$this->setValidator('created_at', new sfValidatorPass(array('required' => false)));
        $this->setValidator('updated_at', new sfValidatorPass(array('required' => false)));
        $this->mergePostValidator(
          new sfValidatorSchemaRemove(array('fields' => array('created_at', 'updated_at')))
        );
      }
    }

**Tip**: If you use the admin generator, setting a field with `type: plain` produces the same effect, only in much less code.

    [yaml]
    edit:
      fields:
        created_at: { type: plain }
        updated_at: { type: plain }

`sfFormPropelCollection`
------------------------

If you need to build a form based on a collection of objects rather than on a single object, then the `sfFormPropelCollection` class will help you. To create such a form, just pass a PropelObjectcollection instance to its constructor, and you can use the form as a regular Propel object form:

    [php]
    $collection = new PropelObjectCollection();
    $collection->setModel('Book');
    $collection[]= new Book();
    $collection[]= new Book();
    $collection[]= new Book();
    $form = new sfFormPropelCollection($collection);
    echo $form; // displays a list of 3 BookForms, bound to each element in the collection
    
Embedding A Relation Form
-------------------------

Since one-to-many relationships return `PropelCollection` objects, the ability to create a collection form, added to the ability to merge two forms together, makes the edition of related objects very straightforward.

`sfPropelForm` provides a method called `embedRelation($relationName)`, which fetches a collection for a given relation, creates a `sfFormPropelCollection` instance based on the collection, and embeds this form into the main form. This allows,for instance, to edit an author together with all its books:

    [php]
    class ArticleForm extends BaseArticleForm
    {
      public function configure()
      {
        $this->embedRelation('Book');
      }
    }

Now the Article form displays the list of related books for each author, together with controls to add or remove Books for a given Author. No need to add code to the form object, it just works.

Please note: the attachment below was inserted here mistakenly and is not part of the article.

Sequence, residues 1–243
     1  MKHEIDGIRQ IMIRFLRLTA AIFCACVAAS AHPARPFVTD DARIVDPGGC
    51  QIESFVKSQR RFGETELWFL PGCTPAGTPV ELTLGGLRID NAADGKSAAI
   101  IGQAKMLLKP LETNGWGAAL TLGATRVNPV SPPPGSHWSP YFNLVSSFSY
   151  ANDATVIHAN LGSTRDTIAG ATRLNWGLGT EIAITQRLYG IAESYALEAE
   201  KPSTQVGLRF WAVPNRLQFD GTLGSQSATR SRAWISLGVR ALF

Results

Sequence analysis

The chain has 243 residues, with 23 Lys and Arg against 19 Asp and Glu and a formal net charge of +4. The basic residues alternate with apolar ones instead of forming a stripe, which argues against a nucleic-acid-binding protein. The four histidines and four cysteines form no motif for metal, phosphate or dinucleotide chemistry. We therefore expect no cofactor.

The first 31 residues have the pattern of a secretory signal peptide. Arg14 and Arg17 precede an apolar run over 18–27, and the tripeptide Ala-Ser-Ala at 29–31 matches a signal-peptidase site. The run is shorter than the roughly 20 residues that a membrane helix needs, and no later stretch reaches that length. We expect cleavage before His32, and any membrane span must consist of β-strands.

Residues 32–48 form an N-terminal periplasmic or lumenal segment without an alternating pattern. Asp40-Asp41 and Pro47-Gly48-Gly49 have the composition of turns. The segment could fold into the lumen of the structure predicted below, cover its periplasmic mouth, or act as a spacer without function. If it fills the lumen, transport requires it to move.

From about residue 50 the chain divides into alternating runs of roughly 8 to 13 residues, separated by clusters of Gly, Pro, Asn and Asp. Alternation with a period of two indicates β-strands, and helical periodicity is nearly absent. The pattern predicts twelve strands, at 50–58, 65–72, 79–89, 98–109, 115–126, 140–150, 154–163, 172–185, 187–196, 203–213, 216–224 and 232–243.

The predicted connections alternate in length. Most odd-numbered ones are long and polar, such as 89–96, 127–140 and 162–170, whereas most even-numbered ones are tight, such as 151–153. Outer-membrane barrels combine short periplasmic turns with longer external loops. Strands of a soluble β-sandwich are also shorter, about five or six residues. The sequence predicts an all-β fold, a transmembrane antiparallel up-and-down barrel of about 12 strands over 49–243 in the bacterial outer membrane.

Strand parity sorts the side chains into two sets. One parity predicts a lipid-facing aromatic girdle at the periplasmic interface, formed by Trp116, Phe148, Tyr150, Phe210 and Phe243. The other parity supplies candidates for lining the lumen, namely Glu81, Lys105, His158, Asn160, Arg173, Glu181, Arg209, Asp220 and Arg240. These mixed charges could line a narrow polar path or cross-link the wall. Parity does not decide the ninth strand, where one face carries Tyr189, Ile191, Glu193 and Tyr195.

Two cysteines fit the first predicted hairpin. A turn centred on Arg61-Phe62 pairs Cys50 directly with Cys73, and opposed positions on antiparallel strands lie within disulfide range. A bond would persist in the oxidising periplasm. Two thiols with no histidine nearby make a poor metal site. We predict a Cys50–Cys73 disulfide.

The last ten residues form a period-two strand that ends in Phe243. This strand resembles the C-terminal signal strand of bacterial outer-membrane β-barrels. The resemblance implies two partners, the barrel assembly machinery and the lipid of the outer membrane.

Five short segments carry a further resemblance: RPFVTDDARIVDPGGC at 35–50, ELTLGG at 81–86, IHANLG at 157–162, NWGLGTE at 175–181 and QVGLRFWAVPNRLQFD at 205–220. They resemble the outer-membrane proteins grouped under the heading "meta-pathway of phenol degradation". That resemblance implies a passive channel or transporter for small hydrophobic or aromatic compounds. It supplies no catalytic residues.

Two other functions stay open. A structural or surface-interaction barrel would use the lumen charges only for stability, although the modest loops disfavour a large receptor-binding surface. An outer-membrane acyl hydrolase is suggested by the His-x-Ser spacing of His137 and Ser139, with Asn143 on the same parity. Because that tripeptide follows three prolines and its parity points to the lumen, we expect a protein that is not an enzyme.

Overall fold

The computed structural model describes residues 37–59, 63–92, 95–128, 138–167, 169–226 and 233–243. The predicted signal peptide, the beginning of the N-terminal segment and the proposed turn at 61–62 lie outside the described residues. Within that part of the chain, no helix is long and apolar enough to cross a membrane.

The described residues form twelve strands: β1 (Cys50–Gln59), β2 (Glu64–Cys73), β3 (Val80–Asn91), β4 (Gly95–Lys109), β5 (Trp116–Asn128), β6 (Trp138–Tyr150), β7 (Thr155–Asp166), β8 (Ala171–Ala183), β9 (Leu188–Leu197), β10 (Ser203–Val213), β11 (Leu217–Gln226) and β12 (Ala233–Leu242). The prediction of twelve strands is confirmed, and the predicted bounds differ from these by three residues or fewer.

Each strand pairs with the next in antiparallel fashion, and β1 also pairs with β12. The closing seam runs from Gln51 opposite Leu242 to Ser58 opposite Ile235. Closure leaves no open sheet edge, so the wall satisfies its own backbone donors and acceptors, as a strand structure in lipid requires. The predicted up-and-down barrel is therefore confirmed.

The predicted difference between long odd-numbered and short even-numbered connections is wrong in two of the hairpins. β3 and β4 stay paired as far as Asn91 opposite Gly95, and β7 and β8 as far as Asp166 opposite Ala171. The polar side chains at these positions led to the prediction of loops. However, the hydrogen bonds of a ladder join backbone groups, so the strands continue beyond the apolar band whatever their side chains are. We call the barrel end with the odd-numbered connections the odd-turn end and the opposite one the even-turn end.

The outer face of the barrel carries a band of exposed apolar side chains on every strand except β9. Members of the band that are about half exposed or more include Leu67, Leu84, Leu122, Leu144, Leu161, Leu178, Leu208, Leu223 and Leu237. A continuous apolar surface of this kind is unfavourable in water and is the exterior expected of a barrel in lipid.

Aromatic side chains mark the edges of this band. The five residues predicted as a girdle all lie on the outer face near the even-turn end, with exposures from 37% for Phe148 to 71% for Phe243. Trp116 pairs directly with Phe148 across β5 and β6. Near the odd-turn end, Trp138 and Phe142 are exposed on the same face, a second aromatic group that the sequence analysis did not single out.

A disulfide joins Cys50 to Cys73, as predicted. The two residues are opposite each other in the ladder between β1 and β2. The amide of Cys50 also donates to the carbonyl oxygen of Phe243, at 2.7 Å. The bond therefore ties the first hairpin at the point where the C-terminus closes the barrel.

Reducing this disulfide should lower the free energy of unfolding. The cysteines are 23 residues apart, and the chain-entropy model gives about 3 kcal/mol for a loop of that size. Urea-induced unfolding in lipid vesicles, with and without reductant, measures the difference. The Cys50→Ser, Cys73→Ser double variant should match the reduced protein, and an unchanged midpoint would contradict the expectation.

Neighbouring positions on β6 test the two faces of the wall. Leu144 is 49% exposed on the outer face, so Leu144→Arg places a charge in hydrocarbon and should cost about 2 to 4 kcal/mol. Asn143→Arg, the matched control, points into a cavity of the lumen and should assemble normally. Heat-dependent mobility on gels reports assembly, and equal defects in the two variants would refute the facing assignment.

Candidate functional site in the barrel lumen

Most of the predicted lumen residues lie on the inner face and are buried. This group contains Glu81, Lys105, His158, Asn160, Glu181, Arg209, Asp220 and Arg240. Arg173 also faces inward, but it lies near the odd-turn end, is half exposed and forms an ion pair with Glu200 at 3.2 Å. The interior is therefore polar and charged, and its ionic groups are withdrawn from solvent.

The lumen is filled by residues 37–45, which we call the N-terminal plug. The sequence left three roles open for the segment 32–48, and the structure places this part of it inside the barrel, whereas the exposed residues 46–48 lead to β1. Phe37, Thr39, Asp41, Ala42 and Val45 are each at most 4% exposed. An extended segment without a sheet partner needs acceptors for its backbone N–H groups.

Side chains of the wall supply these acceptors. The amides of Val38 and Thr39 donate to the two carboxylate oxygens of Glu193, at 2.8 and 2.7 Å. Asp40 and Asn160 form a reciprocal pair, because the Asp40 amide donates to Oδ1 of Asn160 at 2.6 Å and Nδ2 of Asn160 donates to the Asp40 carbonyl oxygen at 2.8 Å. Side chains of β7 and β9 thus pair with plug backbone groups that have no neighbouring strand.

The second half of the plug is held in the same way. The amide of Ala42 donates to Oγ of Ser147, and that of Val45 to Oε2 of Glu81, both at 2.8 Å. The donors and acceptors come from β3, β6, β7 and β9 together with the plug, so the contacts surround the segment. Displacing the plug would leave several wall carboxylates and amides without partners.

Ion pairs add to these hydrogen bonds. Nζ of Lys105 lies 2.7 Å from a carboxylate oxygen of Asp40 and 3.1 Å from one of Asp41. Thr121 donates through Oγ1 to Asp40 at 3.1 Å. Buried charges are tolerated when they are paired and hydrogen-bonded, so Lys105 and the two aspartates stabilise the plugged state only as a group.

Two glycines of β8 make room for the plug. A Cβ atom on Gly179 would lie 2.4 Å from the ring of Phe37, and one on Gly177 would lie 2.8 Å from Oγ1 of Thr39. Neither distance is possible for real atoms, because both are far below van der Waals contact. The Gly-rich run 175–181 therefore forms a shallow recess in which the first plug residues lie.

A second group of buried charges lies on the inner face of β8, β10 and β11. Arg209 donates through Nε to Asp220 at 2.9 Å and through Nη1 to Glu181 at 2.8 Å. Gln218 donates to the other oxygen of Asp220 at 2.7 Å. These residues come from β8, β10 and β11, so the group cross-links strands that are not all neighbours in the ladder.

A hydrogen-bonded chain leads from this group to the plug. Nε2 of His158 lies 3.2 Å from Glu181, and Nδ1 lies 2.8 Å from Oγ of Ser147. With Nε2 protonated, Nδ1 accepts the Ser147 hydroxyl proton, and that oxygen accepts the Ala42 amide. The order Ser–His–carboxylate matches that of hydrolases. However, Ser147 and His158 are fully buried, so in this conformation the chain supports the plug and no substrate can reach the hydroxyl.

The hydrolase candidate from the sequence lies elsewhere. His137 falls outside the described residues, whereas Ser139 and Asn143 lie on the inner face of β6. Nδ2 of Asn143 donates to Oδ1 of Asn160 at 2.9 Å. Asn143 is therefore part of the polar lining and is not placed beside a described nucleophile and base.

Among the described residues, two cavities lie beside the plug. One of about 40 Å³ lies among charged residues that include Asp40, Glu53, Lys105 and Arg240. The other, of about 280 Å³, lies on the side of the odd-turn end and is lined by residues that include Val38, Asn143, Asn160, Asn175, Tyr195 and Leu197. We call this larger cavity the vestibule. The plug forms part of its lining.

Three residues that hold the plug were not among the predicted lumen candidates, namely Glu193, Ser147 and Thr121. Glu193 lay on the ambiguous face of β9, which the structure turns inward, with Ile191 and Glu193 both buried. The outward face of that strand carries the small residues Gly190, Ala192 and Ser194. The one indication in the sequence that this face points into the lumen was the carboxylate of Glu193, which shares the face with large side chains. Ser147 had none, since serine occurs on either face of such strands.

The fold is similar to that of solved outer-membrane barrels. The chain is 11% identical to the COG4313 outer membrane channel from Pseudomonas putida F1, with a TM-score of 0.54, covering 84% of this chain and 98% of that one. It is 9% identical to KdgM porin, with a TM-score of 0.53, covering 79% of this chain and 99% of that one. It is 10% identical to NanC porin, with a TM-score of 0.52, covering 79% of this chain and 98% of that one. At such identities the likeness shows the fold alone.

**Tip**: `sfPropelForm` also supports `mergeRelation()`, which merges the individual forms from the colleciton form into the parent form. As for embedded forms, merged relation forms support addition and removal of related objects.

`embedRelation()` offers many options to customize the embedded relation form:

* `title`: The title of the collection form once embedded. Defaults to the relation name.
* `embedded_form_class`: The class name of the forms to embed. Uses the model name by default (a form based on a collection of Book objects embeds BookForm objects).
* `collection_form_class`: Class of the collection form to return. Defaults to sfFormPropelCollection.
* `hide_on_new`: If true, the relation form does not appear for new objects. Defaults to false.
* `add_empty`: Whether to allow the user to add new objects to the collection. Defaults to true.
* `add_delete`: Whether to add a delete widget for each object. Defaults to true.
* `remove_fields`: The list of fields to remove from the embedded object forms
* `item_pattern`: The pattern used to name each embedded form. Defaults to '%index%'.

If `add_empty` is set to `true`, the following additional options are available:

* `empty_label`: The label of the empty form. Defaults to 'new' + the relation name.
* `add_link`: The text of the JavaScript link that displays the empty form. Defaults to `Ann new`
* `max_additions`: The max number of additions accepted on the client side. Defaults to 0 (no limit)

If `add_delete` is set to `true`, the following additional options are available:

* `delete_name`: Name of the delete widget. Defaults to 'delete'.
* `delete_widget`: Optional delete widget object. If left null, uses a `sfWidgetFormDelete` instance, which is a checkbox widget with a Javascript confirmation.
* `alert_text`: The text of the Javascript alert to show.
* `hide_parent`: Whether to hide the deleted form when clicking the checkbox. Defaults to true.
* `parent_level`: The number of times parentNode must be called to reach the parent to hide. As a widget doesn't know if it's merged or embedded, this setting allows the JavaScript code used to hide the parent to find it. Recommended values: 6 for embedded form (default), 7 for merged form.